I wonder, sometimes, how many people have had their eyes opened by Phelps and finally saw bigotry and hatred for the ghoulish and ugly thing it is. I wonder how many converts he's made to the idea that our shared humanity is too valuable to be wasted on such flailing and impotent anger. Not enough, I suppose, but I bet there have been some, which I guess means Fred Phelps isn'tso worthless after all. God may hate fags, but let no one say he doesn't have a plan for even His lowliest creatures.

8 comments:

Carrie Ann said...

Here's a story of one of my happiest days: I was googling a good friend of mine, to find scores from his basketball season in Australia. I found the scores, but not before I found a PDF of a missive from Fred Phelps damning my friend to hell! Turns out that while he was playing basketball at Duke, he and a few other players were spotted around campus wearing T-shirts the GLBT group handed out that read, "Gay? Fine by me!" The story made a few papers, and the good reverend Phelps was on the case! Anyway, I sent the PDF to my friend and told him to frame it.

Meg said...

In my personal ideology, there exists a separate hell for those who commit acts of hate in God's name (including all aliases). Sometimes, I would even consider burning with these assholes -- for all eternity -- if I were granted the ability to watch their suffering, first. This is one of those times.

Judi said...

Pretty much nothing makes me more upset than churchgoers who use the name of God to push their own hateful agendas. Who pickets a funeral??? ANY funeral! That's not God, there. When I see that I feel like I have to apologize on behalf of Christians and going, "That's not how it is!!!"

Man.

Bobby Drake said...

Very powerful and moving post. Some of your best writing.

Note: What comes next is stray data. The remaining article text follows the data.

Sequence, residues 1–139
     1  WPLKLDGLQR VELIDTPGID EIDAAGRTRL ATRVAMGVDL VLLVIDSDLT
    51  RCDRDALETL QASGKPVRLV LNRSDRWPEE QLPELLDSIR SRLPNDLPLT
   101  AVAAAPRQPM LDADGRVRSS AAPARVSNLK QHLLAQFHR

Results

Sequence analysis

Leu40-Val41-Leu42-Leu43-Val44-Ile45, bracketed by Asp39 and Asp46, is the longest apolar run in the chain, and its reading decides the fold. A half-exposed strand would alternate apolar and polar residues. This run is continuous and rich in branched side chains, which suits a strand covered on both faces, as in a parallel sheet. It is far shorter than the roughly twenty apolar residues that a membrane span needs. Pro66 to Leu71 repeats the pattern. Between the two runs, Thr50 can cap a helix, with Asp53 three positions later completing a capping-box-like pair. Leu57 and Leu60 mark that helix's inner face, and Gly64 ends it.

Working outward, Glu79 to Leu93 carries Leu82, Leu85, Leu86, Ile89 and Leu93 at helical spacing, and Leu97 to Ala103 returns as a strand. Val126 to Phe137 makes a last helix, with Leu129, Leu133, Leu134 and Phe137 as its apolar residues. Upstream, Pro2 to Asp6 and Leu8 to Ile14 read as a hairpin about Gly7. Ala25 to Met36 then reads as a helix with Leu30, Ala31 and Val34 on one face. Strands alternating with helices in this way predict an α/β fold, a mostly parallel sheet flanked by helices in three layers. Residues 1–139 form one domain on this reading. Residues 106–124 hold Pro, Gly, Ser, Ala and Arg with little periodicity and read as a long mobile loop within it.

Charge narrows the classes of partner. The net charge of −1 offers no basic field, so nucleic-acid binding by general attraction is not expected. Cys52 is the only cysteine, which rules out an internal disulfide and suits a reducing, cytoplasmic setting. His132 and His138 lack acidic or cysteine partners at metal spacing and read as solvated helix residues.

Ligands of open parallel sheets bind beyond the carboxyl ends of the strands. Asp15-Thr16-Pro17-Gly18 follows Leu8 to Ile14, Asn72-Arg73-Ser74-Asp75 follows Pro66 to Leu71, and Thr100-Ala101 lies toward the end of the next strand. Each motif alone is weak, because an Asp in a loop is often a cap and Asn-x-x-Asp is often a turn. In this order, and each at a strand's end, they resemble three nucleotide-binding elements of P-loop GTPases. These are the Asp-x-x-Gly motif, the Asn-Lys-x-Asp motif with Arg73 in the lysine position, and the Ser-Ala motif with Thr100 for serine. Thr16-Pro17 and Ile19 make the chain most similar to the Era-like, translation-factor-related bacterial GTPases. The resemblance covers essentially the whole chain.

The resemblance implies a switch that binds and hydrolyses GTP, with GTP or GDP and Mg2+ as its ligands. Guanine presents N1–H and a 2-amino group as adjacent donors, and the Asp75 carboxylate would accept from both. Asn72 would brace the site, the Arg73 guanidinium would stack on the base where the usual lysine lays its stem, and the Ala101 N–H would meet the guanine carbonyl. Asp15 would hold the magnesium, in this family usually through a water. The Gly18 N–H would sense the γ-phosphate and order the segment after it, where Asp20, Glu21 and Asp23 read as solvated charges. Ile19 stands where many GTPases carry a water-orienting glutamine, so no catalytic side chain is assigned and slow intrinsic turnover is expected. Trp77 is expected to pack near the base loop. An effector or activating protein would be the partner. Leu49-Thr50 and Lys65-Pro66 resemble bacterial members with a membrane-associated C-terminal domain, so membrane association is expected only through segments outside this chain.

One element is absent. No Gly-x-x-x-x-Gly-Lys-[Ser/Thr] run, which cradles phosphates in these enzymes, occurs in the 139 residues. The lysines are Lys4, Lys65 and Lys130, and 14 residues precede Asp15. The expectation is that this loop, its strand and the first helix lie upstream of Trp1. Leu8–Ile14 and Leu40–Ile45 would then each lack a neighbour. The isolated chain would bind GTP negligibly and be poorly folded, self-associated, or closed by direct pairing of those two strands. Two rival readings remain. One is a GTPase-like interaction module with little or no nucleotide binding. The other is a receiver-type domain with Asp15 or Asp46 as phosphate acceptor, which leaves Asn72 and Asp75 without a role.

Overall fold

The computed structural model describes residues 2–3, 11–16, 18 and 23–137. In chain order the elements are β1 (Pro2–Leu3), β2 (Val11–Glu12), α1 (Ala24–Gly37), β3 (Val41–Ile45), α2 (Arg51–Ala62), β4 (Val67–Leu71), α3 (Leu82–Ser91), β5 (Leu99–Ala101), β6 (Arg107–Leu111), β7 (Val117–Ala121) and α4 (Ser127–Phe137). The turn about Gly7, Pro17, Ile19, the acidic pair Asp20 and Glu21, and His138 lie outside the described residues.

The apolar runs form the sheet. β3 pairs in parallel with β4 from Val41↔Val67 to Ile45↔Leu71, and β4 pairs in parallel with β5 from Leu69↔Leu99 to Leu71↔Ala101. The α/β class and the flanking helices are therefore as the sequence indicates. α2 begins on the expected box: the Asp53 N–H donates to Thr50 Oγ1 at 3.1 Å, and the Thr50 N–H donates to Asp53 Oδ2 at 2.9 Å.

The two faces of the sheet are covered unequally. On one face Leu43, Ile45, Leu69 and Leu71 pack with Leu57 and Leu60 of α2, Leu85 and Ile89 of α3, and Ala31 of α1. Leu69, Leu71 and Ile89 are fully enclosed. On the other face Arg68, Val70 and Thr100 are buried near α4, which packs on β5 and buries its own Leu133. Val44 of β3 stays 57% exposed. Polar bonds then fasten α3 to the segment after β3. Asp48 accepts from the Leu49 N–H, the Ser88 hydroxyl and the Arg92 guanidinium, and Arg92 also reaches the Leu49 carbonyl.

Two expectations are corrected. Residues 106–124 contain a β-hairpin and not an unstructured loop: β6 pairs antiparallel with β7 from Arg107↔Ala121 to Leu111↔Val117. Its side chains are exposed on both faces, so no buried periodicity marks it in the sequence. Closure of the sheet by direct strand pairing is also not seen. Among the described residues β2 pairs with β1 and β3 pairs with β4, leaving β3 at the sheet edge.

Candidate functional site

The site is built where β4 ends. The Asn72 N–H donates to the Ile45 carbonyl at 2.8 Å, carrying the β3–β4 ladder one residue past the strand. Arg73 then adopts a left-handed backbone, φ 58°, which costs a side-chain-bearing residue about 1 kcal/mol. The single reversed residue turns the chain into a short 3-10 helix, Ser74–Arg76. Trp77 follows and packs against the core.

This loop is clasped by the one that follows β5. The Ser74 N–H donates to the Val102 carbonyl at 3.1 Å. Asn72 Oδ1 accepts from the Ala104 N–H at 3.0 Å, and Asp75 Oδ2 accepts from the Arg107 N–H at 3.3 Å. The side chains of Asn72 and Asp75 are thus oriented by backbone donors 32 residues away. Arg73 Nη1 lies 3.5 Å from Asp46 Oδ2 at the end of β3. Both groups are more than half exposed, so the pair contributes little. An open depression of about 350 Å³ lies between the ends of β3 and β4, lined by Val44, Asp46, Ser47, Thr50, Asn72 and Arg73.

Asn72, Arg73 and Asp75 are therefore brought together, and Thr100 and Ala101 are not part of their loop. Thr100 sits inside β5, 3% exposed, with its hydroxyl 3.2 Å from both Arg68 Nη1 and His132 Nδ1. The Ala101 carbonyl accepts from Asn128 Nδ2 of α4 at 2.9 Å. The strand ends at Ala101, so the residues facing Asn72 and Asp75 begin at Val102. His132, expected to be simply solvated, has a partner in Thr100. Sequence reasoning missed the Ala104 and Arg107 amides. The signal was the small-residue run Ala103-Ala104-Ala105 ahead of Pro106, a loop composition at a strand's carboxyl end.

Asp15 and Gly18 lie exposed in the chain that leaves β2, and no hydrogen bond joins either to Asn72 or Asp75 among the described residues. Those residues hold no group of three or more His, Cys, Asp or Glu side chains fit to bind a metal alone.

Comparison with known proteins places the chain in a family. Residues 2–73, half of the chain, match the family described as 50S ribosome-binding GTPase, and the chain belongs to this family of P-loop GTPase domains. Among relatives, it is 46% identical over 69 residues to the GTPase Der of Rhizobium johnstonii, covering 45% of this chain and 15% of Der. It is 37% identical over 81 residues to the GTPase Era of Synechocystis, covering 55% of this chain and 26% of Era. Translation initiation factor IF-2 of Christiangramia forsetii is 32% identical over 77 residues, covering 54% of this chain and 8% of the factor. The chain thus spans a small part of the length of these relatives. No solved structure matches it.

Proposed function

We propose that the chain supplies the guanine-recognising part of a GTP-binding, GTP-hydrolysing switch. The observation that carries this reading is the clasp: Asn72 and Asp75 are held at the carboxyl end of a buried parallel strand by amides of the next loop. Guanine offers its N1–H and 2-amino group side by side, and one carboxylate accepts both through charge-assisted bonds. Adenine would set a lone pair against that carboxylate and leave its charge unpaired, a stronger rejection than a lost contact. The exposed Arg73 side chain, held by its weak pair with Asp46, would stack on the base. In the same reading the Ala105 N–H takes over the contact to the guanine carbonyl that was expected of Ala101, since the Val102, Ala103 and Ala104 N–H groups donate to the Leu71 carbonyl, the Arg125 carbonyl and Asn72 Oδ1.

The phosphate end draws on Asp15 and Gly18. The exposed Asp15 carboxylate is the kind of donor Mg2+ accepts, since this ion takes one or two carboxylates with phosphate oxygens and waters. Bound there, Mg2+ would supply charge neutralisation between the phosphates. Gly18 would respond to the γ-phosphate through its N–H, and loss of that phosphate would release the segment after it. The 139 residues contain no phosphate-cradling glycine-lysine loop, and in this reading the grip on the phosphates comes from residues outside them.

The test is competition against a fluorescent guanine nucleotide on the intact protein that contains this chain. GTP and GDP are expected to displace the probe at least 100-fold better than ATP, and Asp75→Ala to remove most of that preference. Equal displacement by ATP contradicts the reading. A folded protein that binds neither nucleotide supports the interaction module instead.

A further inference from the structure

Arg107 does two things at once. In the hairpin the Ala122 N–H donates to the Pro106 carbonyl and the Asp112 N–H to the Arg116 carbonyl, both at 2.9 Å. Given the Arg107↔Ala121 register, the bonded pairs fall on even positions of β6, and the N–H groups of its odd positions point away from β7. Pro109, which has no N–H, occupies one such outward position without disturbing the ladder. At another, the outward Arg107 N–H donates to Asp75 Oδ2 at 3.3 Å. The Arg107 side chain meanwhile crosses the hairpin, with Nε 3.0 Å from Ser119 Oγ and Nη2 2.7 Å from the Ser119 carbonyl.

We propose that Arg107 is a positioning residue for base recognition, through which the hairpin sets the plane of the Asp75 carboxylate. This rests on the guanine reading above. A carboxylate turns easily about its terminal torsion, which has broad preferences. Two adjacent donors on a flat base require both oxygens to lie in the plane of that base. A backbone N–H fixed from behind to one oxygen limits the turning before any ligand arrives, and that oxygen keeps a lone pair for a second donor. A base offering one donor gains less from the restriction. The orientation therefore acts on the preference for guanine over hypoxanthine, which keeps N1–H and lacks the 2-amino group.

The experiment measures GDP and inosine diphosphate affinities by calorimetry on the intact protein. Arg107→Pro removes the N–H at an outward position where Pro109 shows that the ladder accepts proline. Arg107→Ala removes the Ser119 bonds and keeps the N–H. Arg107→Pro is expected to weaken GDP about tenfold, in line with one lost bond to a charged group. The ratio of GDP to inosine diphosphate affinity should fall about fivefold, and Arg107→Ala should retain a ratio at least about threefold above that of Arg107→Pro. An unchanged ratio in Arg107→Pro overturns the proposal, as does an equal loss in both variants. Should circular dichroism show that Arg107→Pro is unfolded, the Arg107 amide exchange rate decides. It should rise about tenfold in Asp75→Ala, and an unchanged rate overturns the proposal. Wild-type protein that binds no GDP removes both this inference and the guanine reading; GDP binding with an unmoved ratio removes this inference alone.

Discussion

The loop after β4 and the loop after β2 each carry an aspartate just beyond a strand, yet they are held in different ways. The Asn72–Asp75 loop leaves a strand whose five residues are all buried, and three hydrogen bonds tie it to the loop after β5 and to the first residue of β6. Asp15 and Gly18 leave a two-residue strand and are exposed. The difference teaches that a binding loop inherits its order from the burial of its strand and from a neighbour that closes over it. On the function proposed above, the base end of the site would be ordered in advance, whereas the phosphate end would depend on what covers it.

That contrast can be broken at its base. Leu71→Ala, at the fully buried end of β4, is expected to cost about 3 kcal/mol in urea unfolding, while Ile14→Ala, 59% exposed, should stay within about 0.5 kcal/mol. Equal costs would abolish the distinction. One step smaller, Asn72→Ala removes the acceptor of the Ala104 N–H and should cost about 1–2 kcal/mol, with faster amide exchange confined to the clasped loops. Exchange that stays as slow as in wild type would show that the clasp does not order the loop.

I'm a gay evangelical Christian (and Republican too and no it's not oxymornic), it shakes me deep inside that Fred Phelps carries out his malcious protests in the name of Jesus Christ. Fred Phelps is a man (and I use the word lossley) who sacred more people from Christianity than he attracts. Fred Phelps and his WBC holligans where protesting at Trinity Church in Boston which is about 300 yards away from my church. My pastors did something that I found odd at first. On that day not only did they ask us to pray for our friends at Trinity but they asked us to pray for the protesters. I did so and to be honest I felt better after I did. Fred Phelps still sikens me to my core, but I just see him as a miserable lost soul now.

Deirdre said...

Really well-said, Joe. Thanks for sharing.

Rural Juror said...

I'm organizing a big ole party at Fred Phelps' funeral so . . . come along

jessica said...

Awesome post, Joe. Thanks for sharing something so personal and heartfelt. Such moments of self-clarity really solidify who we are and where our priorities lie. I know I'll never forget mine and I draw strength from them to this day.

StickyKeys said...

Fred Phelps is a maniac. It's ridiculous the actual number of people who have tried to sprout the "Heath died because he was in Brokeback!" card. It's completely idiotic and completely nonsensical.

I know it was certainly one of Heath's most high profile roles but it certainly didn't define him cinematically.

I agree about special Hell for those who take the Lord's name in vein. It's amazing how the one rule we're required to live by is the golden one and everyday it's broken by people trying to get into Heaven.